• There's a croissant in my hot chocolate! (Yasmin Newman)Source: Yasmin Newman
What a week in food. Stay in the loop this weekend with hot chocolate croissants, the authenticity debate, and when dads know best. Here are the top headlines… #WeekendBinge
By
Camellia Ling Aebischer

30 Aug 2019 - 10:33 AM  UPDATED 30 Aug 2019 - 10:33 AM

Since you’ve been so good all week, we have a few treats up our sleeves to binge on this weekend. Feel like a cooking project? You bet we’ve got the right dish. Want to venture out for a new snack? We've got your back. In need of a social clip to laugh at? Even better!

Hope you’ve got an appetite because here is your weekly serving of what to read, eat, watch and feed this week in the world of the food-obsessed. Just bring yourself.

Read

How to tell if a restaurant really serves it ‘authentic’

In a modern, cosmopolitan world, authenticity of certain meals can be hard to define. Is a bowl of tonkotsu ramen cooked outside of Japan still authentic, or is this status only lost once it’s cooked by a non-Japanese chef? Yasmin Noone embarked upon a quest to find out how to define authenticity, with a helping hand from some authoritative food figures.

What makes the dishes on offer at one restaurant truly authentic and a meal served at another venue a culinary insult?

PLUS

When fathers and grandfathers know best

Swapping beef for beans could help you live a longer life


 

Eat

Botanic House

Nestled in the Sydney botanical gardens is a new restaurant by Vietnamese sweetheart, Luke Nguyen. The former café has been transformed into a romantic restaurant with clean gold and pastel fittings. The menu steps away from traditional Vietnamese fare and puts native Australian produce in the mix with garnishes like fried saltbush. Nguyen tells SBS Food there may even be a fish sauce ice cream soon.

Luke Nguyen is getting creative with the menu at the Botanic House restaurant.

PLUS

What Myanmar refugees think about the food in Australia


 

Watch

Lee Chan’s World Food Tour

Combining her passions of food and travel, well-known TV presenter and Reality TV star, Lee Chan, is eating her way around the world. With her taste buds leading the way, Lee travels to every corner of globe cooking up local favorites, modern delicacies and delicious desserts.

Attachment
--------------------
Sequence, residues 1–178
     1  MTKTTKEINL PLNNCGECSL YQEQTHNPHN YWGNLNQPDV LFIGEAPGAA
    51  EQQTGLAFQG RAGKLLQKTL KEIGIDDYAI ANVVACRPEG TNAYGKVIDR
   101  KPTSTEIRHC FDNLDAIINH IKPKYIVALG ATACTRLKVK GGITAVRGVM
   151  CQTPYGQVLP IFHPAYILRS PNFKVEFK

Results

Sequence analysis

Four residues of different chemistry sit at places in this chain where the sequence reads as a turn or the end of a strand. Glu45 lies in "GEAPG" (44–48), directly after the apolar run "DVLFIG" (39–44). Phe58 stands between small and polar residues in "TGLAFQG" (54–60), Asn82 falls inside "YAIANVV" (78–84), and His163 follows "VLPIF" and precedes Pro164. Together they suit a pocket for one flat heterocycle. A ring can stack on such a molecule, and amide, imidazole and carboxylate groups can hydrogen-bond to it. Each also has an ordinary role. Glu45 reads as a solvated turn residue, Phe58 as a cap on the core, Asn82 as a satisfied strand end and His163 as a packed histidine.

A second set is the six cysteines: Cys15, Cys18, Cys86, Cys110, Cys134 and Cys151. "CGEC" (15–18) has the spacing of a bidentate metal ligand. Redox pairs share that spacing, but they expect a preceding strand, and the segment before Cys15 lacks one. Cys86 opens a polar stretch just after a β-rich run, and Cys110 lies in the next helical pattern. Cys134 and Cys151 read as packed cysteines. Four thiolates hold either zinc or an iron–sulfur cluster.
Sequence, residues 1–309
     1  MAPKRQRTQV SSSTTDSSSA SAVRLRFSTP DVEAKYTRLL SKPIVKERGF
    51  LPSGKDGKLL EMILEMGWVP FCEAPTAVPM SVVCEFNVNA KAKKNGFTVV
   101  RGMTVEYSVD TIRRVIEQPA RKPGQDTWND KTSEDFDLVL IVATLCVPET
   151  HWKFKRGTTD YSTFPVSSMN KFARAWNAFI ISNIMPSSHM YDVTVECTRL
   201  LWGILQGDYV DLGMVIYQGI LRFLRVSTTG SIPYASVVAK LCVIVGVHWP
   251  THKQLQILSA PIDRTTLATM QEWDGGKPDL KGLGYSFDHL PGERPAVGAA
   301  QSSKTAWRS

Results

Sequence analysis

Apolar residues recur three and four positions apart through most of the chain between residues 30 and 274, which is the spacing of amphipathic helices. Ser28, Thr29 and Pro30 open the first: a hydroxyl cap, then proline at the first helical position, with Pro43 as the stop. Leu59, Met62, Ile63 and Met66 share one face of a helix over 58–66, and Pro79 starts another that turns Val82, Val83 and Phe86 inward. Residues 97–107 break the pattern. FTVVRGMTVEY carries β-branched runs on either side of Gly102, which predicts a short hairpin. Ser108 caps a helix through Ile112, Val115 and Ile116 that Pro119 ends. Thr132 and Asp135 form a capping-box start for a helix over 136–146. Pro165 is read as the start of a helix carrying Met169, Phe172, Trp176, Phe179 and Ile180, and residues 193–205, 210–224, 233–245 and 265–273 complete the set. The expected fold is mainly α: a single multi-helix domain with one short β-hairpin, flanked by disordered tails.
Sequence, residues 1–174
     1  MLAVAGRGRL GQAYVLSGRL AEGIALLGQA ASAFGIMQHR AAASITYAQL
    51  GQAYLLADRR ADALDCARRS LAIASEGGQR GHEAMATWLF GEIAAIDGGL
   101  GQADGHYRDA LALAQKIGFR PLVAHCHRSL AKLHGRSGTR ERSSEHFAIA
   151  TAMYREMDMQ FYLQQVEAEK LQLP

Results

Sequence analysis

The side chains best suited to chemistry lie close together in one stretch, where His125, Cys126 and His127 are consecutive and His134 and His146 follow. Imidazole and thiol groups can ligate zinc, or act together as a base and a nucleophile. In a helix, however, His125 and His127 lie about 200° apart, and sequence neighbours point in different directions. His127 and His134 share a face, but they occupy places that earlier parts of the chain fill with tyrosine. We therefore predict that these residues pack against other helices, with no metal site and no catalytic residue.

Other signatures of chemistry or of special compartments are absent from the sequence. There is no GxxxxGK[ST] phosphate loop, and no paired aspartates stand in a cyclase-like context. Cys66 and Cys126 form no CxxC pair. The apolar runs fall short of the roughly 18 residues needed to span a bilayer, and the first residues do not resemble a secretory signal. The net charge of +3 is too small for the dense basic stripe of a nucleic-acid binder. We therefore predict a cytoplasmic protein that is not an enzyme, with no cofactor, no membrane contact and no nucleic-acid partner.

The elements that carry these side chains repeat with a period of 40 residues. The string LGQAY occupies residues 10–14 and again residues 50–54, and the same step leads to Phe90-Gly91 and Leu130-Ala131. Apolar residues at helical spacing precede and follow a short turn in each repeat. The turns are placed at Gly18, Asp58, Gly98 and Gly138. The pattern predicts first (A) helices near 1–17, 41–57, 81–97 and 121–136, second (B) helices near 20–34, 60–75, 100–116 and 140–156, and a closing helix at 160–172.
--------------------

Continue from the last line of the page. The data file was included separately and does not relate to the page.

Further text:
Feed

Pain au hot chocolat

It needs no introduction, but this hot chocolate croissant dessert combo means you can now have French breakfast for dessert. When you’re ready to eat, stir the meringue through hot chocolate and dunk away.

There's a croissant in my hot chocolate!

PLUS

Crescentine (pan-cooked flatbread)

19 ways to impress hungry (and hilarious) dads


 

Trending

This donut coffee cup lined with chocolate spread. Would eat.


 

What in the world?!

Last week: Ladoo. A Pakistani sweet treat often sold in the 'sweetmeat' corner of bakeries. These are made with ground almonds, condensed milk, coconut, and milk fudge.

THE BIG REVEAL
Badami zafran halva ladoo (ground almond and saffron balls)

You can’t escape ladoos of any kind in Pakistan, be it semolina, chickpea flour or wheat. Many bakeries in Pakistan have a mithai (sweetmeat) corner as Pakistanis and their sweet tooth wouldn’t go far without a ladoo. I love these, as they melt in your mouth.

Now, the fun part. Can you guess this dish? The answer will be revealed in next Friday’s installment of Weekend Binge.

Hint: it's not an alien.

HUNGRY FOR MORE?
Did you know you can make polenta from popcorn?
There are two ways to do it, one requires gadgets, the other just a sieve.
What I eat to keep up with the demands of being a professional dancer
Professional dancers have unbelievably fit bodies and appear to epitomise good health. But what do they really eat? Baden Hitchcock from Bangarra Dance Theatre shares his food secrets with SBS.
Best "wrap" album: Won-ton clan
This sleek EP takes those wonton wrappers out of the fridge and onto your plates.
9 cakes to deliver you an apple a day
When fruit meets cake batter all sorts of delicious things can happen.
This car park turned urban farm has grown 300kg of produce for people in need
Forget the assumption that cities have a lack of space available to grow fresh produce. This experimental urban farm proves that it's possible to grow masses of vegetables in a space as small as a car park.